Current generation perceived incorrectly in media
My generation does not define me, nor does it hold truths for who I am and what I stand. Every time I have browsed through the Internet in the past few months, I have come upon a study, article or explanation of why my generation is the most stupid, selfish and entitled generation of all time. People in their late teens and 20s are considered the “selfie” or the “me, me, me” generation. We are illustrated as individuals who are self-obsessed with the image and the broadcasting of our lives through social media. Quite frankly, I disagree with all of it.
Our generation is perceived differently because of technology, time, historic events and how the world has changed around us. The people who were raised in the new millennium don’t want to be selfish. We just grew up in a world that revolves around the technology and social media that helps broadcast our daily lives on the Internet.
Young adults today face job challenges in a world of brutal recession where machines and technology have replaced physical jobs. Although we are viewed as an “incompetent generation,” we have succeeded in life priorities, optimistic viewpoints and our competency with technology compared with previous generations, according to a Pew Research Center study released in 2010. The study also shows we are the most liberal group, accepting all individuals for whom they are and what life choices they decide to make. We strive to be technologically savvy and we are constantly improving the set of skills that are misunderstood by previous generations.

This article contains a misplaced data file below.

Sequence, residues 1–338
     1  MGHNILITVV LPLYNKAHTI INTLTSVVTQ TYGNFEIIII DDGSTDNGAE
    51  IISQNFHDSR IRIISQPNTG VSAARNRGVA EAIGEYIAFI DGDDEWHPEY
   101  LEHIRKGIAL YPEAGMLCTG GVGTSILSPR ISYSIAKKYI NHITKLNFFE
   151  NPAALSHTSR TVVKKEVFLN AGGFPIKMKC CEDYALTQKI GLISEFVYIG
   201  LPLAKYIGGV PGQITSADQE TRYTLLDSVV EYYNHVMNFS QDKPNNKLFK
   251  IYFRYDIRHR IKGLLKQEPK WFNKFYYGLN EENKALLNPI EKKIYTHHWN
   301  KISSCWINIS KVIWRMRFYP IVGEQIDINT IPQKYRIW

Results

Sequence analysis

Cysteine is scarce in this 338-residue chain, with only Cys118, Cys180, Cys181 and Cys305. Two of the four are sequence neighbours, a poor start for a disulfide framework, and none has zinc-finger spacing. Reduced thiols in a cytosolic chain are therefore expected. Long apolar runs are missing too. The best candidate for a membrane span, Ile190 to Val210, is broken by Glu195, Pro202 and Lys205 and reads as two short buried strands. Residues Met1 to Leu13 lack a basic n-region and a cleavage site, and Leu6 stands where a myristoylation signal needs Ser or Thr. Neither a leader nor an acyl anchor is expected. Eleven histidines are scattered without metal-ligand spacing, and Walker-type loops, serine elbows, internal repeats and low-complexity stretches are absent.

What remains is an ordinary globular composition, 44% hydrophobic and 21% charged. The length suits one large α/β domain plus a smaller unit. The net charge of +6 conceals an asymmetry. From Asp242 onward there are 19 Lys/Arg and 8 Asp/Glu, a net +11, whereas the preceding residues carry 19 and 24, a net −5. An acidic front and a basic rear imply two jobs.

An article recently released by the Huffington Post looks at the test scores of Millennials, calling us some of the least skilled people compared to test results of students from 23 other countries. This article was written without taking into account we have been referred to as the most educated generation in the history of America and we have the credentials to show it.
The low-skill ranking is not because of a lack of education. It is because Millennials are heading in a different path with regards to curriculum. Where we once took classes on literature and history, this generation now focuses on data, social media and the advances of technology. When most generations before us ended their education after high school, we strive for more through numerous years of continued higher education, honing in on the skills we do possess.
Our generation is about the innovation of connecting through the Internet and other means of technology. The Internet takes away from face-to-face interaction with loved ones, but most seem to overlook the bright side of this technology. We are completely plugged in to those living near and far–friends, family and the world–making connections with a click of a mouse.
Debating which generation is the most intelligent is an absurd argument. Every generation has its pros and cons, often inspired by what is going on during their time of youth and young adulthood. The successes and failures of a generation should not be a competition or an invitation for insults, but rather a time of realization of knowing that the human race continues to grow and succeed in ways we previously could not. At the end of the day, Millennials are making progress for a better future for all of us, not just the “selfie” generation.